Tackling Climate Change Is Our Responsibility — and in Our Interest
Many people surely react with doubt, skepticism or mistrust when they hear Total’s CEO proclaim his commitment to combating climate change. Yes, as I have always acknowledged, we are part of the problem. Equally, we are also part of the solution. So I’d like to set out once again the beliefs that I have been publicly, materially and transparently championing for a number of years, both as Chairman and CEO of Total and as a member of the community.
As I wrote in a previous article, our industry has to do two things: supply affordable, reliable energy to a growing global population and provide solutions to climate change. For that, we can rely on our long-term vision, our financial strength and our R&D to advance, for example, cleaner energies such as natural gas and renewables, as well as electricity storage and carbon capture.
Against this backdrop, Total is resolutely pursuing our ambition of becoming the responsible energy major. We are also committed to helping achieve the United Nations Sustainable Development Goals (SDGs), specifically with regard to climate change, access to energy and biodiversity. I was honored to be named a 2017 SDG Pioneer by the United Nations Global Compact, in recognition of Total’s pursuit of partnerships and investment in low-carbon energies. This honor in fact belongs to everyone at Total.
Implementing our strategy also entails dialogue, with ordinary citizens and political and business leaders alike. That’s why I’m here in New York for Climate Week (#ClimateWeekNYC) — to present and explain to our shareholders and investors how Total realistically and responsibly integrates climate into our strategy, in a way that does not negatively impact our financials.
This open and transparent approach is also supported by active partnerships. Only by mobilizing our collective energy can we tackle the full scale of the challenges posed by climate change. We are active in many joint initiatives with other energy majors within the Oil and Gas Climate Initiative, which we helped found three years ago. The OGCI’s goal is to work on and invest in innovative solutions to reduce our methane emissions, improve the energy efficiency of our activities and develop carbon, capture, storage and utilization. I was delighted to learn that three leading U.S. companies — ExxonMobil, Chevron and Occidental Petroleum — have decided to join us.
Time for some straight talk now.
You want to halt all fossil fuel extraction and production? Most research, including the IEA’s Sustainable Development and other scenarios, shows that this will take several decades.
You want to reduce the share of the dirtiest fossil fuels? On the road to the objectives set out in the Paris Agreement, our ambition is to steadily decrease the carbon intensity of the energy products we make available to our customers: to reduce it by 15% between 2015 — the date of the Paris Agreement — and 2030. Then, depending on developments in technology and public policies, reach a reduction of 25 to 35% by 2040. As part of this, I decided to pull Total out of coal-related activities in 2016. The best way for this is to approach the problem from an economic standpoint. By assigning a price to carbon emissions, we can combat climate change at the source. This is the most efficient financial mechanism to change the rules of the game quickly and hasten the switch to natural gas and renewables for power generation.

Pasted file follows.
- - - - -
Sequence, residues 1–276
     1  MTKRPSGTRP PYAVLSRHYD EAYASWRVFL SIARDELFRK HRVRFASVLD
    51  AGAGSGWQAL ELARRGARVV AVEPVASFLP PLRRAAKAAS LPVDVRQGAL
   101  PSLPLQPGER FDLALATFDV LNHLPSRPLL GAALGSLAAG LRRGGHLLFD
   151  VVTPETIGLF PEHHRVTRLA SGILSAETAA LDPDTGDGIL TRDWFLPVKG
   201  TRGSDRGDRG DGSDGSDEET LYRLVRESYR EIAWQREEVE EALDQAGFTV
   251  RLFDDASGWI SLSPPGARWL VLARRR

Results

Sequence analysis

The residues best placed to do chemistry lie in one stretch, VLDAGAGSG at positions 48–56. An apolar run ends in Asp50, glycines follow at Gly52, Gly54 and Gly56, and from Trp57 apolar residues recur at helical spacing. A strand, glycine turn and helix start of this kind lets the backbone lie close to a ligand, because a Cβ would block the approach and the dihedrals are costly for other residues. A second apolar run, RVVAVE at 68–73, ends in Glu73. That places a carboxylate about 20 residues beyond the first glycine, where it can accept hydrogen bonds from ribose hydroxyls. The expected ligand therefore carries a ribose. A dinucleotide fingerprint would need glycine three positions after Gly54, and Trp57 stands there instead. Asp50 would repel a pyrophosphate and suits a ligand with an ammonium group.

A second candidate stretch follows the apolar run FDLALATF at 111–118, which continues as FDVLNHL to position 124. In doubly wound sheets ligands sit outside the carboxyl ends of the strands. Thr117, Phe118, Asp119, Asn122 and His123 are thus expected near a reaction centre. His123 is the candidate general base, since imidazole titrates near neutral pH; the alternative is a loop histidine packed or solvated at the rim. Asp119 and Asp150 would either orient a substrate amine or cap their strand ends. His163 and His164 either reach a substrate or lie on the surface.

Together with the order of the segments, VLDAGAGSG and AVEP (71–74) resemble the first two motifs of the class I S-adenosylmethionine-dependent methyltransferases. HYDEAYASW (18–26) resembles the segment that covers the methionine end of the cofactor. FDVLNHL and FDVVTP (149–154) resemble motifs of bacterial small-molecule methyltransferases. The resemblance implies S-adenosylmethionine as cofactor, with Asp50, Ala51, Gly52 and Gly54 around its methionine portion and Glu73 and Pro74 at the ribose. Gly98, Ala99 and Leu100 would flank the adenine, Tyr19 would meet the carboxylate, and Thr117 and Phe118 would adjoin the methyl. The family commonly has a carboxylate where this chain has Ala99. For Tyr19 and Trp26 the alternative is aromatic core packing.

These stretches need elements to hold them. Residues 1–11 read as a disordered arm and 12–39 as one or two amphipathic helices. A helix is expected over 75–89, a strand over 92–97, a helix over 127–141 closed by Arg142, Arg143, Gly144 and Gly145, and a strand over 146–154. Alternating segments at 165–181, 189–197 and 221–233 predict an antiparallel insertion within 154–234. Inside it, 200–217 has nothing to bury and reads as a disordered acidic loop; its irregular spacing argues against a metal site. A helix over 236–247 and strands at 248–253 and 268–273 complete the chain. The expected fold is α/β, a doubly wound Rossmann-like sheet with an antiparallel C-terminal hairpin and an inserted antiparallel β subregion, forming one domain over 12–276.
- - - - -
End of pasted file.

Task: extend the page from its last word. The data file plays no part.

We need to encourage greater use of natural gas, the best option currently available for combating global warming while ensuring the world has access to the energy it needs. This widely available source of energy is the fossil fuel with the lowest carbon emissions when used for power generation. Replacing coal with natural gas in power plants would cut global carbon emissions by 5 billion tons per year, or around 10%. But gas won’t fulfill its true potential unless we mitigate the methane emissions connected with its production and transportation. That’s a priority focus of both OGCI and Total.
Natural gas is also an ideal partner for renewable energies. Their variability means they need backup from a flexible energy. That’s how we will promote and accelerate their development, especially to generate low-carbon electricity.
At the same time, improving storage capacity is another avenue to pursue to integrate this electricity into the grid more smoothly. The lithium-ion batteries developed by Saft, a Total affiliate, could help reduce transportation-related carbon emissions by 40% between now and 2030.
Carbon storage is also an important ingredient in the 2°C scenario. It’s an essential technology for achieving carbon neutrality, both within the oil and gas business and in the community at large. CCUS plays a critical role for the many industries — such as cement manufacturing or steelmaking — where carbon emissions are unavoidable. We need to capitalize on our geosciences expertise to move forward.
As the term energy mix would suggest, there is a blend of solutions. I have shared just some of them. By emphasizing natural gas and renewables for power generation, reinforcing our presence across the entire value chain from production to marketing, improving energy efficiency and developing CCUS technology, we are building a comprehensive and diversified response that will deliver long-term growth.
Clearly, transforming the energy mix is a complex, global challenge to which there is no easy solution. Changes at this scale require hard work, rethinking our models, investment and collaboration. Creating an environment favorable to the investment needed to develop and deploy these many solutions is a major challenge that will require legislation, regulations and incentives to change behaviors and practices. That’s the message I will continue to convey to economic and political leaders. I am determined and committed.